Shynet had a security issue because I misunderstood CORS

Aug 15, 2020 technical shynet

When I built Shynet, my self-hosted analytics tool, one of my top priorities was making sure it didn’t require visitors to have JavaScript enabled. While Shynet will try to log visits using a JavaScript tracker, it will fall back to a 1x1 transparent tracking pixel if JavaScript isn’t enabled. Here is the Shynet tracking code for this site, for example:

<noscript>
    <img src="https://shynet.rmrm.io/ingress/aa93dbb3-7d36-4de1-8642-5074c7e33c92/pixel.gif">
</noscript>
<script src="https://shynet.rmrm.io/ingress/aa93dbb3-7d36-4de1-8642-5074c7e33c92/script.js"></script>

Like any well-designed web system, Shynet appropriately sets CORS headers on these resources to ensure that its resources are only accessible from the intended domains—in this case, miles.land. (If you’re unfamiliar with CORS, here’s the short version: it’s a way to specify which sites are allowed to load a particular remote resource.)

In the case of Shynet, CORS headers ensure that only the intended sites are able to feed visitor information into Shynet’s database. This is helpful, as it prevents other people from accidentally embedding your tracking code on their site and messing up your analytics. (This happens more often than you’d think: because many of my sites are open source, people often fork them and forget to remove my tracking script!)

Up until a few days ago, Shynet did not verify origin information at the application level; instead, it relied on browsers to properly enforce CORS headers for the tracking script and the fallback pixel. This worked well for the primary JavaScript-based tracker, and I thought it worked well for the fallback pixel as well.

Then, someone opened this issue in Shynet to ask whether it would be possible to load the tracking pixel if loading the tracking script failed due to CORS enforcement. This didn’t really make sense to me—surely if the JS script is failing due to CORS issues, so would the fallback pixel tracker!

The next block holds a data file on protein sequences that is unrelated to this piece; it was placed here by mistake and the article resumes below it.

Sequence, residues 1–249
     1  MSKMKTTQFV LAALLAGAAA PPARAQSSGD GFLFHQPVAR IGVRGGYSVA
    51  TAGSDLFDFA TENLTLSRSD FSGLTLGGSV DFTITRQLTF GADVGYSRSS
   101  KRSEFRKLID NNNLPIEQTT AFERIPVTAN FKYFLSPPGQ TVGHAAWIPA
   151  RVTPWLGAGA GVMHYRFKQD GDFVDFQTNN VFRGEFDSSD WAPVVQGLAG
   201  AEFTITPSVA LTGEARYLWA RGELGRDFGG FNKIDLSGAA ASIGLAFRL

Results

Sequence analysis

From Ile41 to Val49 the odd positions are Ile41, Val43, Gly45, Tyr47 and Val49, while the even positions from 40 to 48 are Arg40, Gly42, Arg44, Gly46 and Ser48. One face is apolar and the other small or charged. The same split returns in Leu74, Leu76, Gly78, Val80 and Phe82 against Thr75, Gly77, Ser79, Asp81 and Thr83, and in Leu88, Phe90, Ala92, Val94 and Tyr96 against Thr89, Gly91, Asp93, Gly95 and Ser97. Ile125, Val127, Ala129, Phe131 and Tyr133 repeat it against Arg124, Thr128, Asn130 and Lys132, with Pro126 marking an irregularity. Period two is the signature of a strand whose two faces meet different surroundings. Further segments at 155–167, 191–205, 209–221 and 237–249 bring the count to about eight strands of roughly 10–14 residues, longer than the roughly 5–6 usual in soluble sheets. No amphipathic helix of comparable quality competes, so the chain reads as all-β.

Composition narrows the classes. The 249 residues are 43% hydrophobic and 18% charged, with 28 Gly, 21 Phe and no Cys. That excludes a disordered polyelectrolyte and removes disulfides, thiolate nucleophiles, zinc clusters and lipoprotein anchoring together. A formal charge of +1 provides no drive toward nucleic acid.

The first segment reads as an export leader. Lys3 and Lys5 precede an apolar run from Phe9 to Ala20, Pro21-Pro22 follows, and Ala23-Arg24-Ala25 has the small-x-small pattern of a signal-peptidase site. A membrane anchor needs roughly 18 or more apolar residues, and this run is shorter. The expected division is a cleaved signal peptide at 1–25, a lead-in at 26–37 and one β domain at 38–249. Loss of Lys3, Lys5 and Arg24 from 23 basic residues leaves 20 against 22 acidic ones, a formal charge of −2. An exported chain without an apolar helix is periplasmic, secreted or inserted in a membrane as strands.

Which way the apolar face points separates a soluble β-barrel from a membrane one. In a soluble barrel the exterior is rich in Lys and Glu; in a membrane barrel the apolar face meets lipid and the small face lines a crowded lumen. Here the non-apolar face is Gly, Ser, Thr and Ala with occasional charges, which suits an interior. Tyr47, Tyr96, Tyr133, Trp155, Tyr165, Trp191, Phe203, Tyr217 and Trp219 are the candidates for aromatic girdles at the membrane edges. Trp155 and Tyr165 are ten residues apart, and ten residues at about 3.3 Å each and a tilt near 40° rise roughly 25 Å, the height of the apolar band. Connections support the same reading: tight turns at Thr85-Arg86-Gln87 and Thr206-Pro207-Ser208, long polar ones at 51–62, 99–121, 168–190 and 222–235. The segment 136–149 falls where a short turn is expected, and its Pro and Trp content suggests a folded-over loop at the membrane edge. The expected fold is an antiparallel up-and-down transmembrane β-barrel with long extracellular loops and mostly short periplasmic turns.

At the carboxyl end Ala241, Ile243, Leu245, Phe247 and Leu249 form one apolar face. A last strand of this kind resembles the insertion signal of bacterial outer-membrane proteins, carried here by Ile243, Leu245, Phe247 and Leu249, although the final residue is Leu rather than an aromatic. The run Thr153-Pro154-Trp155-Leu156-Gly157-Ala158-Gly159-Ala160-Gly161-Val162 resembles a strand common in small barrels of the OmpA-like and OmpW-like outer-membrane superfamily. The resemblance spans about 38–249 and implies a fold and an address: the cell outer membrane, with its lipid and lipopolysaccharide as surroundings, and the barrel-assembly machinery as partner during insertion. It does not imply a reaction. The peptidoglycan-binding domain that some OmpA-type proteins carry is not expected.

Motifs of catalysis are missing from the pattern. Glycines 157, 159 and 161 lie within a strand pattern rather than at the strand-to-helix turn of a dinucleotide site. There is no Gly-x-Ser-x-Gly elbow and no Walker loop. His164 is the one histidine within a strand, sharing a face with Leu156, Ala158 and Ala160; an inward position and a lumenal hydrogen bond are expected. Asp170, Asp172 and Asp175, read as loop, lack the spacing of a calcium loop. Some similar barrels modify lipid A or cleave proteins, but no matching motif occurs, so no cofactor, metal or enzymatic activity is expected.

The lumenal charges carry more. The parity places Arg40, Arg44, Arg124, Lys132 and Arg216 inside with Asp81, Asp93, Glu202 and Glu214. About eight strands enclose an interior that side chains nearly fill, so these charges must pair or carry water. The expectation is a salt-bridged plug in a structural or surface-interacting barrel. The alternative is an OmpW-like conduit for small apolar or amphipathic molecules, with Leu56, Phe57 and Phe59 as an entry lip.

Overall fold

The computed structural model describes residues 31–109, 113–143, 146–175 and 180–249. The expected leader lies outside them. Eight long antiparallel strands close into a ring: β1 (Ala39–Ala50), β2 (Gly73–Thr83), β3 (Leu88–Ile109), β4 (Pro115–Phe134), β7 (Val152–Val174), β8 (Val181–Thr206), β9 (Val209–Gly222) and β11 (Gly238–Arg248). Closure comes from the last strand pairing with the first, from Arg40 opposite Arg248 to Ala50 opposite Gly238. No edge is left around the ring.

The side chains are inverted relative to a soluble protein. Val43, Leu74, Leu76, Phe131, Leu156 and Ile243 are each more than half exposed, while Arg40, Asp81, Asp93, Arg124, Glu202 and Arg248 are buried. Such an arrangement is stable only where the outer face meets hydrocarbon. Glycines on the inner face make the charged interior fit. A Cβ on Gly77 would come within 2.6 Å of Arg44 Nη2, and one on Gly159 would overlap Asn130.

Unfortunately, I was completely wrong. As VeryStrongFingers on GitHub pointed out, CORS headers aren’t enforced for images at all. In other words, anyone could bypass the origin checking in Shynet by just embedding the tracking pixel (without the <noscript> tag). When I designed Shynet’s origin management system, I assumed CORS applied to all resources. My assumption was wrong.

Fortunately, this was an easy fix: all I needed to do was verify origins on the application (server) side, and raise an HTTP 403 (forbidden) if they didn’t check out. The fix is in Shynet v0.6.2.

All things considered, this wasn’t a major security vulnerability. In a worst case scenario, it would allow an attacker to feed analytics from an unrelated site into Shynet, which could be easily filtered out after-the-fact in the admin panel. But even if it wasn’t a major security issue, it was a relatively serious soundness issue—especially for those who rely on Shynet for accurate, precise analytics—and I’m glad it’s fixed.